Would you say one of the hardest parts of UPenn is getting accepted? If so, what do you think is the most important part of your application in the eyes of UPenn admissions officers?


Nedda Gilbert, MSW, Educational Consultant, and Author

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It's possible that the toughest hurdle you'll face in applying to UPenn is getting in. Bur that's not to suggest it will be a cakewalk once you're there. You'll find that doing well academically.can be equally tough. Unsurprisingly, the two are related.

Like all the Ivies, UPenn draws from the nation's best and brightest. While it's difficult to win admission to UPenn, those who do so are at the top of their game. Someone who recently graduated described it as a school where classes are overrun with valedictorians and salutatorians. This is not an entirely inaccurate picture. Whereas in high school you may have been in the top 5% of your class, and carrying the most demanding load, your academic status in high school will recede once you find yourself at a college where everyone has similar stats. You may have been standout in high school, but you have entered a pond of many standout fish. UPenn may be a difficult school to win admission to, but once in, you'll find it competitive, intense and very challenging..

There are some top-ranked colleges where getting in, as you say, is the hardest part.. At those schools, once you're in, it's not that hard to do well. I know of many universities that fit that profile. UPenn is not one of them. Again, the students who go there are pace-setting. So I would not take this approach with UPenn. The good news is that if the admissions officers admit you, you can trust you belong there.

As for what matters most in your application, right or wrong - it is your GPA and scores. This is the initial screener. As I suggested, this is because UPenn has to admit kids who have the mental crunch power to handle the rigor and succeed. After that, your recommendations and outside experiences matter most. A successful UPenn reccomendation will sing your praise and not just say you were the best kid in class this year, but one of the best kids to ever attend your school. There is a big difference between those two statements. With respect to additional experiences, accomplishments will be more impressive than say just months of volunteer work at a local shelter. A creative way to create "accomplishments" is to look at what you have done and see if you can frame it as having made a real difference. For example, instead of just saying you worked at the shelter, you might be able to say, because I did xyz for x months at the shelter, all overnight residents now have a proper intake with social workers (or a private area for their kids), I'm obviously making this up - but hopefully you get the picture. Like accomplishments, awards are important because they suggest your actions and efforts are significant enough to have been formall ackinowledged by others. All of this helps you appear worthy of one for those few coveted UPenn spots.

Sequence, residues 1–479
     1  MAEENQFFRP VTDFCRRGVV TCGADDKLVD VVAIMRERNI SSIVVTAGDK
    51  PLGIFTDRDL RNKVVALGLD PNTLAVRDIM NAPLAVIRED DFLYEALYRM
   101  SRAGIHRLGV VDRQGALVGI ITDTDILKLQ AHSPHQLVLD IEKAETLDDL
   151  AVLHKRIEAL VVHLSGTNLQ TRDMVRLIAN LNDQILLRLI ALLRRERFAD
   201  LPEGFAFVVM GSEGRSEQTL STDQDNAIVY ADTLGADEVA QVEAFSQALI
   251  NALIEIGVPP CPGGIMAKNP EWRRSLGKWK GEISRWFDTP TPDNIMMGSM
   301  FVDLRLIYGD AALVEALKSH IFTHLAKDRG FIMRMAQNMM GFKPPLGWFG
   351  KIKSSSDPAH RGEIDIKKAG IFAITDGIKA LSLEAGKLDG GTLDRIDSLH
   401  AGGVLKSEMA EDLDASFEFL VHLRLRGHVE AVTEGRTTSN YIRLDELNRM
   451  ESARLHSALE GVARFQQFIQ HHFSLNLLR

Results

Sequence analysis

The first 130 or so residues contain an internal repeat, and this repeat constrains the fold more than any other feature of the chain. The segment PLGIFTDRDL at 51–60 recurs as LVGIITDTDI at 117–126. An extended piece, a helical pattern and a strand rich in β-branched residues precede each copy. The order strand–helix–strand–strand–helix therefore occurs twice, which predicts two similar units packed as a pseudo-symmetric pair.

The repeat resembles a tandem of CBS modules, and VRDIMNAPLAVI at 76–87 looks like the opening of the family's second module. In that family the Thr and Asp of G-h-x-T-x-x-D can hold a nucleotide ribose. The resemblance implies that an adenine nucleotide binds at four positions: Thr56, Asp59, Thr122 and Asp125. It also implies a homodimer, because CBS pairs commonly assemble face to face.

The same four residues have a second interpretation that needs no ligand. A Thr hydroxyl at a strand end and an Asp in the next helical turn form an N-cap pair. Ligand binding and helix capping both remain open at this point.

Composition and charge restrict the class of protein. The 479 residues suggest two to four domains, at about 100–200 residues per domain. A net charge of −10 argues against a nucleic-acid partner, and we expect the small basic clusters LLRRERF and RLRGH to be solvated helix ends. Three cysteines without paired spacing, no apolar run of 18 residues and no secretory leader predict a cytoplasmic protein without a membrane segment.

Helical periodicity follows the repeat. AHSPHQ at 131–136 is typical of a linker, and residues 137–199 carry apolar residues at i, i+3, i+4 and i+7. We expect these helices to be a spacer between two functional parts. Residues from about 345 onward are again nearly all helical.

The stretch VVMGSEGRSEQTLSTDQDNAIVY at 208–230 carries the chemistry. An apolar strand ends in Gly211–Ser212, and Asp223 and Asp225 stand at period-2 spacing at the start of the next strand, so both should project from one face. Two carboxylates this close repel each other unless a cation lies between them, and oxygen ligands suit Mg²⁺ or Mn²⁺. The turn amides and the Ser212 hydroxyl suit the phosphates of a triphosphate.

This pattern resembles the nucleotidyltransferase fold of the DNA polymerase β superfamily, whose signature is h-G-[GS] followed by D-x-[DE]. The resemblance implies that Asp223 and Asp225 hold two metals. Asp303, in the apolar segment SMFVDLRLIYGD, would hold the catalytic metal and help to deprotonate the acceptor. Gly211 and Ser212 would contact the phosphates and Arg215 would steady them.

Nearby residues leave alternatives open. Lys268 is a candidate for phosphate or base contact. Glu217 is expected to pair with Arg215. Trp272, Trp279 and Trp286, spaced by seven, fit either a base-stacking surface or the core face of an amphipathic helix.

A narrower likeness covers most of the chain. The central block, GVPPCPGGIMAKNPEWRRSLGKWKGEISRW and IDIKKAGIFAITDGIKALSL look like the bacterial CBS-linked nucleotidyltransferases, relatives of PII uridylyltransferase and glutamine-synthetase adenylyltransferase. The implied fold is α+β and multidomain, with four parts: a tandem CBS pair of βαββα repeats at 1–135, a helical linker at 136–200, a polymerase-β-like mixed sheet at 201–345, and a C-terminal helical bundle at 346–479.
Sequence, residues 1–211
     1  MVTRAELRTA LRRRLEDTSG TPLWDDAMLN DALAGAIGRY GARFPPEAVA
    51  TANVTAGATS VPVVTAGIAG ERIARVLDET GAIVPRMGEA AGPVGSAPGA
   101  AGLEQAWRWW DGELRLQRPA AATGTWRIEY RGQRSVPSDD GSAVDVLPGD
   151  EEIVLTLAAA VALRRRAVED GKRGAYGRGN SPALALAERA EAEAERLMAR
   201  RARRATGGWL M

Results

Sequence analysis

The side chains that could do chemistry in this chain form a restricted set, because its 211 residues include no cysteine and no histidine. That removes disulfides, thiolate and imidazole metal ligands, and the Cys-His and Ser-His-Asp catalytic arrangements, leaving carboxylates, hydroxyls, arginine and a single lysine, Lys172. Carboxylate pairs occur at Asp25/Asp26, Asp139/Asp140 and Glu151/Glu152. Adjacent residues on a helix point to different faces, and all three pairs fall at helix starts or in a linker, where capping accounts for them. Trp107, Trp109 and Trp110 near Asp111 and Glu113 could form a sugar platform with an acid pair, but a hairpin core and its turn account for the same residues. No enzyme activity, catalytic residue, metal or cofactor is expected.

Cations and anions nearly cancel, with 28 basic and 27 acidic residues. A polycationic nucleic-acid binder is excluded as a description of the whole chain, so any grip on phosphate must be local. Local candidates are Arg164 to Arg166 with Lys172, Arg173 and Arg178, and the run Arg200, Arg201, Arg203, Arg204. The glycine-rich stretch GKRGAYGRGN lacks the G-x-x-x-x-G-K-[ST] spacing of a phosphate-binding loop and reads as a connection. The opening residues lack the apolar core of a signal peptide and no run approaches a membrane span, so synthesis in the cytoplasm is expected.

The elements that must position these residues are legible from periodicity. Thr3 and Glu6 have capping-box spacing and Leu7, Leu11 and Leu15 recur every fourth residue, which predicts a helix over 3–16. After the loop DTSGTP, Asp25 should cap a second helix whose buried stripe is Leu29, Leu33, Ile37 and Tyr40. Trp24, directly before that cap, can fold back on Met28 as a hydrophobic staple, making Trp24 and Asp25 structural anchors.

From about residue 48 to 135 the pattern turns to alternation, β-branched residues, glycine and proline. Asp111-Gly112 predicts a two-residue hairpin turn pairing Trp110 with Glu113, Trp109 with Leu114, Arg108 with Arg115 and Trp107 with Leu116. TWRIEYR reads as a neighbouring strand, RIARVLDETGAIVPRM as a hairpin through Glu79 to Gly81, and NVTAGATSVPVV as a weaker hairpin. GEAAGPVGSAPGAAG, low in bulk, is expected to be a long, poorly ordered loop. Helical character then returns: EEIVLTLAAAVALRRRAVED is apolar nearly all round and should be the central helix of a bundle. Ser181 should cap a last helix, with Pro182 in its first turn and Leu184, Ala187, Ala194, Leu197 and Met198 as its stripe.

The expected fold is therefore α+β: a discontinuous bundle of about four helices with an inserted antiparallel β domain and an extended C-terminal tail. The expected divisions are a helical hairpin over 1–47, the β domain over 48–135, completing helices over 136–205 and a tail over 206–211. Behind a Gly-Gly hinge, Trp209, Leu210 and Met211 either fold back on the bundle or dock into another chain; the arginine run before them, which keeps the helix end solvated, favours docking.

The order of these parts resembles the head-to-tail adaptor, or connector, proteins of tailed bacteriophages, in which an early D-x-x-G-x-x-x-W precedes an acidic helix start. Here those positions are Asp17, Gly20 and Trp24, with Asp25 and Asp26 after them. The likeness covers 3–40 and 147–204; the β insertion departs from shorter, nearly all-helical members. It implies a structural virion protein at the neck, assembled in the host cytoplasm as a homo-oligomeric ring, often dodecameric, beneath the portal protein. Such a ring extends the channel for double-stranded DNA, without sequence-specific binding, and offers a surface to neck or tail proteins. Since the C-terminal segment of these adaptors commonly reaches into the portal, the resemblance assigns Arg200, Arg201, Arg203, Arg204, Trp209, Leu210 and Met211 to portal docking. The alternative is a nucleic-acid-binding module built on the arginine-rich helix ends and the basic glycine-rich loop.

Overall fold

UPenn is also big on alumni interviews. Try to get one and do bring your best most engaging self. Above all else, apply to a range of schools. Every year a significant number of students get rejected by UPenn - students who had all of the above and even more. School's like these are so selective their admissions can seem quirky and sometimes are. It's tough to know who will make it, and who won't.

I hope this helps. For more information, you can learn about UPenn on Noodle's admission page. Just as important go visit the school where you can hear it from the source! Best of luck!

Michael Schoch, Answers questions on Noodle

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There's probably some truth to the notion that it's much harder to get accepted to a very competitive college than it is to attend, or succeed at it. Nevertheless, if you're applying to competitive schools, you should be prepared for (and maybe even excited about) a rigorous and challenging workload.

If you want to know what UPenn admissions officers are looking for, my first recommendation is to visit UPenn's Noodle Profile, which ranks the components of your application in order of most and less important.

For UPenn, the most important admissions materials are your letters of recommendation, GPA, standardized test scores, high school class record, application essay, and personal experience.

My advice would be to focus on those materials over which you have the most control. For instance, you have a lot of control over the quality of your essay and you can improve test scores by taking extra time to study and prepare. If you're a senior, try to make your last year count in terms of academic rigor, but don't obsess over any previous "blemishes" on your GPA. The same goes for your recommendations and your personal experience--set yourself up for success as best you can, but understand that by the time you're applying to college, you'll have relatively little control over these elements.

Another excellent resource is UPenn's own admissions page which contains a comprehensive explanation of what the university is looking for in its applicants.

Read over these resources and see if they give you a clearer picture of how to put your best foot forward. If you get overwhelmed or stuck at any point, don't hesitate to ask a follow up question.

Good luck!

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